Figure 1. Mean IAT scores (D-values) ±standard error of the mean, grouped by condition. Positive D-values indicate an unconscious preference for West African (relative to Indian) people, and negative values indicate an unconscious preference for Indian (relative to West African) people.

To investigate the effect of listening to Indian vs. West African music on participants’ Dvalues as well as the hypothesized moderating effect of dispositional empathy on the effects of music we conducted an ANCOVA with the Type of Music (Indian or West African) as a factor, and Dispositional Empathy (global IRI scores) as a covariate. We also included an interaction term of Type of Music and Dispositional Empathy in the model. There was no significant main effect of Type of Music; F(1,54) = 2.59, p = .11, although the trend was in the anticipated direction with participants exposed to Indian music displaying a slight preference for Indian (relative to West African) people, and participants exposed to West African music displaying no apparent preference.

The mean D-values of the two groups are displayed in Figure 1. As might have been expected, Dispositional Empathy was not significantly related to IAT scores when examined across the two conditions; F(1,54) = 0.20, p = .89. However, there was a significant interaction between Type of Music and Dispositional Empathy; F(1,54) = 5.51, p = .023, n(2/p) = .09, suggesting that dispositional empathy indeed moderated participants’ susceptibility to the musical manipulations. The relationship between dispositional empathy and D-values in the two groups is displayed in Figure 2. We also investigated the potential contributions of musical training, sex, and subjective responses to the music (ratings of liking and felt emotional impact) to the D-values, but no statistically significant relationships were found.

Figure 2. The relationship between dispositional empathy and IAT scores (D value), grouped by condition. Positive D values indicate an unconscious preference for West African (relative to Indian) people, and negative values indicate an unconscious preference for Indian (relative to West African) people.

2 Conclusions

The empirical study has provided preliminary evidence for the hypothesis that listening to music without any explicit semantic content (such as comprehensible lyrics) can evoke empathy and affiliation in listeners with high dispositional empathy. This interpretation is supported by the significant interaction between Type of Music and Dispositional Empathy, which revealed that people with high dispositional empathy scores were more likely to display an unconscious preference for the ethnic group to whose music they were exposed than those with low dispositional empathy scores. The fact that high dispositional empathy made participants more susceptible to the musical manipulations suggests that the observed findings cannot be explained in terms of priming or knowledge activation effects, such as those observed in the case of background music and purchasing decisions (e.g. North, Hargreaves & McKendrick, 1999). The lack of a statistically significant relationship between the IAT scores and liking ratings also indicates that our findings cannot be accounted for by a simple preference effect (cf., Nantais & Schellenberg, 1999).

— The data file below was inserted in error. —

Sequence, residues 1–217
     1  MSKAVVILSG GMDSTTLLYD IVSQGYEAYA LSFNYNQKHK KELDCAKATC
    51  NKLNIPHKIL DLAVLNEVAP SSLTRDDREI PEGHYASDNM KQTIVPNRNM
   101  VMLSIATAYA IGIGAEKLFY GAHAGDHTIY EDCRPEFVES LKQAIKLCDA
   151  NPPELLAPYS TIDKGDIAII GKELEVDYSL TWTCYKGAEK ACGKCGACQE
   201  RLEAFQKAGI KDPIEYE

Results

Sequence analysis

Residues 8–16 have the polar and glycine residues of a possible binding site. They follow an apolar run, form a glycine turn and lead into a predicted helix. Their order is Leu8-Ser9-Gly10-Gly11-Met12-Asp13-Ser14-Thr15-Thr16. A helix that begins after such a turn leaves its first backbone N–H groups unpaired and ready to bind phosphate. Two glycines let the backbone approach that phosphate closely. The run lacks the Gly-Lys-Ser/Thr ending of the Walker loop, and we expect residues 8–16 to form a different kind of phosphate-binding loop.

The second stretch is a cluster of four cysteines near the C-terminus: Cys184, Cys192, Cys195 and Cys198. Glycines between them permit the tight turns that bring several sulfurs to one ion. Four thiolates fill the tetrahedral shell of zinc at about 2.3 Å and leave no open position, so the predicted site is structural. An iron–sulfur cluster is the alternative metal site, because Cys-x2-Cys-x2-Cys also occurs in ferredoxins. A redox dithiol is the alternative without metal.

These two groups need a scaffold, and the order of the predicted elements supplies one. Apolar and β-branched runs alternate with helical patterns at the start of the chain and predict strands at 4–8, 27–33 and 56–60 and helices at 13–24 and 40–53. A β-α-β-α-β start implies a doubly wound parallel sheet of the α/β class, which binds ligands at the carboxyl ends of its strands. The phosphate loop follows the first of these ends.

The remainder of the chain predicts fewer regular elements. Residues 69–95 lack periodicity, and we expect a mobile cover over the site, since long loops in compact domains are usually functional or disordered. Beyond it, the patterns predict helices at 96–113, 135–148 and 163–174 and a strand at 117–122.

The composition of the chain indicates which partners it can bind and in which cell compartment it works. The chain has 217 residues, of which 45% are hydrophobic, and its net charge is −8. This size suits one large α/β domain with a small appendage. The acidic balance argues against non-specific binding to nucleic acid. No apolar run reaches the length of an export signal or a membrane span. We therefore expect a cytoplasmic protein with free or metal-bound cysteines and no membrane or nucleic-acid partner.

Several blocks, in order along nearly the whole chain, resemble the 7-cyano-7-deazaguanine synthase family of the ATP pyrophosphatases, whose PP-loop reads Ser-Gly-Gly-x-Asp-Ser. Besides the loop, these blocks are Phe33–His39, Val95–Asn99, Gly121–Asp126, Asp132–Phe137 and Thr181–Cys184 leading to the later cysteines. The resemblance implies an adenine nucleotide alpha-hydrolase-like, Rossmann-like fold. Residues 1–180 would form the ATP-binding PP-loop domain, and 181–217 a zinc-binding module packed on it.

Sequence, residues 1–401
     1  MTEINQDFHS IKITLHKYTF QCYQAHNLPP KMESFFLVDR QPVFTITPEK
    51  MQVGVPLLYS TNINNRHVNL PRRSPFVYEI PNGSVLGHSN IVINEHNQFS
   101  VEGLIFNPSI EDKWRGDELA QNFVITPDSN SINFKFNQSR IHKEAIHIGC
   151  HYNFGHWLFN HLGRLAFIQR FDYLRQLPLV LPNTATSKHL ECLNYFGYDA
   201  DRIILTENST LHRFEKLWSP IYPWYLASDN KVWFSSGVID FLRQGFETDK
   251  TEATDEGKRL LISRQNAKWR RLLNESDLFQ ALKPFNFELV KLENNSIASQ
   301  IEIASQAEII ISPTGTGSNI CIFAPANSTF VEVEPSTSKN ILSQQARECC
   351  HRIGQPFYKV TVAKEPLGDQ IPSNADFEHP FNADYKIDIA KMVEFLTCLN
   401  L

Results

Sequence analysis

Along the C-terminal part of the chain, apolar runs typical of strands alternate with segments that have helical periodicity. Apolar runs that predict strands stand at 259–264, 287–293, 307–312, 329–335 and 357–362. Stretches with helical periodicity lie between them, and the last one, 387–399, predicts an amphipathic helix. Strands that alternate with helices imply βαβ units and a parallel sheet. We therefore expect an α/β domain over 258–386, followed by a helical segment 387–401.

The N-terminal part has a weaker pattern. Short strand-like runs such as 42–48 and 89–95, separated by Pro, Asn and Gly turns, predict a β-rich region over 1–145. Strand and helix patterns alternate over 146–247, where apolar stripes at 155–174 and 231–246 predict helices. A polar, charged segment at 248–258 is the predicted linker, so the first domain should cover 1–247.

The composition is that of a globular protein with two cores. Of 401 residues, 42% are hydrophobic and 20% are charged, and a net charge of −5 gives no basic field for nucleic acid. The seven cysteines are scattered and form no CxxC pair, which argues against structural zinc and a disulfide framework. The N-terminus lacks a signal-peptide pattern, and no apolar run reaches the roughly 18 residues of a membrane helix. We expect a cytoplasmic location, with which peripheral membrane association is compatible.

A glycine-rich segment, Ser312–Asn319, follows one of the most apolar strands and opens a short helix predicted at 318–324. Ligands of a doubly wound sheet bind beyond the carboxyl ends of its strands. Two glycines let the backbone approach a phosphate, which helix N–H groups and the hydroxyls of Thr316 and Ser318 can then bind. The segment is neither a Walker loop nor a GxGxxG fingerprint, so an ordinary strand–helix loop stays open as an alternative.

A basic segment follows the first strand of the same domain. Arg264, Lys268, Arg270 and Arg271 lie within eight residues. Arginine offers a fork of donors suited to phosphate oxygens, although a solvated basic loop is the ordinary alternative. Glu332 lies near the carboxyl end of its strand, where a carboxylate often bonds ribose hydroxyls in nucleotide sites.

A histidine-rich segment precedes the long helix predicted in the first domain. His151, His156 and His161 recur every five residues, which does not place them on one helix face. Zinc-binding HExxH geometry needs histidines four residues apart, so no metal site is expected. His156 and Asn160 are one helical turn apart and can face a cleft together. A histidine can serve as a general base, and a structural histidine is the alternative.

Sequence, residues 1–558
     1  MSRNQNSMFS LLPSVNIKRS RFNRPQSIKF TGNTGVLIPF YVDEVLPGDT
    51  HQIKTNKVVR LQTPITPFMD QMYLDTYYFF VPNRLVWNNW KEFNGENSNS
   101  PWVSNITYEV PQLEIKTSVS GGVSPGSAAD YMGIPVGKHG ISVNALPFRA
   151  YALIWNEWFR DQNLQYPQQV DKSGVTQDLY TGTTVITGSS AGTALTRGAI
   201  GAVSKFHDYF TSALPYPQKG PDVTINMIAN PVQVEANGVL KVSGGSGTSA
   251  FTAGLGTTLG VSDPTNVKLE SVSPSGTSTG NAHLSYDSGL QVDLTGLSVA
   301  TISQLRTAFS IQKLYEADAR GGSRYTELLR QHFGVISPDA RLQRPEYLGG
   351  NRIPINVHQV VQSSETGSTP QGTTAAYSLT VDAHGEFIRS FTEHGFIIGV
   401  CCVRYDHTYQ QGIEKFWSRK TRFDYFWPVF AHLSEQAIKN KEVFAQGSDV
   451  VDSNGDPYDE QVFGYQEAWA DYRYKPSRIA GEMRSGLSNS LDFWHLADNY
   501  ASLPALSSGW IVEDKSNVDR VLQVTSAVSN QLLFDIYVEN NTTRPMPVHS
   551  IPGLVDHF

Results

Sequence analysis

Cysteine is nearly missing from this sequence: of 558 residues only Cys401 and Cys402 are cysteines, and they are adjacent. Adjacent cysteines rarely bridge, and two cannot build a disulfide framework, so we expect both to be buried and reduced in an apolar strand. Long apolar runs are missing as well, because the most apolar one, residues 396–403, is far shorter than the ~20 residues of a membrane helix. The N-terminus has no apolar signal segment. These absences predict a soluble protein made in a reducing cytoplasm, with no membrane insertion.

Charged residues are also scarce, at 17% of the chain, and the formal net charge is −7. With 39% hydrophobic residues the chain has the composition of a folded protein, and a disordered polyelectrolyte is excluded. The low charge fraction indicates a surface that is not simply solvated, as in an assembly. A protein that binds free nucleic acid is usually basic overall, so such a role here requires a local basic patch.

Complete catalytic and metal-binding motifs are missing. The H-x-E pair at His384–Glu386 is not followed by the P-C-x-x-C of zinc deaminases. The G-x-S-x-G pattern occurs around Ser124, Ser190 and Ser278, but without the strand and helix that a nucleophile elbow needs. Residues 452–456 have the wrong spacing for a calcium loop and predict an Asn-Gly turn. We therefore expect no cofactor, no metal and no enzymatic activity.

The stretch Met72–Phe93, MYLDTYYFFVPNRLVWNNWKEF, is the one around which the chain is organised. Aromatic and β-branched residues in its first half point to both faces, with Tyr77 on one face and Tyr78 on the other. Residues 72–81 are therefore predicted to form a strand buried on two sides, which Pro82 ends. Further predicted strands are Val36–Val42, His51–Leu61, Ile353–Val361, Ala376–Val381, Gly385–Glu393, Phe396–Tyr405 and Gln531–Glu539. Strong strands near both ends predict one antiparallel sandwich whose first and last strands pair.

Instead, we propose that the more empathic participants may have been more open to the music, and more likely to entrain with the music involving internal mimicry and emotional contagion; and may also have been more likely to engage in reflective empathy, in the form of visual and/or narrative imagery, and/or semantic elaboration. In the context of music, entrainment comprises both temporal as well as affective components (see e.g., Phillips-Silver & Keller, 2012), and in general imitation and entrainment have been found to both reflect and elicit affiliation (Chartrand & Bargh 1999; Hove & Risen 2009). Since people with high dispositional empathy have been found to exhibit stronger motor and sensory resonance to observed actions, and the pain of others (Gazzola, Aziz-Zadeh 8i Keysers, 2006; Avenanti et al., 2008), it is possible that empathic people are also more likely to resonate with the acoustic and gestural features of music. This stronger resonance could explain why empathic individuals are more susceptible to emotional contagion from music (cf. Vuoskoski & Eerola, 2012), and why they also appear to be more sensitive to the affiliation-inducing effects of music listening.

However, further investigation is required in order to better understand the phenomenon, and to distinguish between the potential contributions of pre-reflective motor and affective resonance, and the more reflective empathy involving imagery, perspective-taking, and other extra-musical associations. As dispositional empathy comprises both emotional reactivity and cognitive perspective-taking attributes, either or both of these components may contribute to the observed affiliation-inducing effects of music listening. A possible way to investigate this would be to implement a nondemanding distractor task during the music listening, which would limit participants’ capacity to conjure up imagery and other extra-musical associations. Furthermore, the failure to find a statistically significant main effect of Type of Music on participants’ implicit associations could either be due to the fact that the variation in participants’ pre-existing preferences for Indian vs. West African people was too great in relation to our sample size, or that the participants with low dispositional empathy were simply not affected by the music.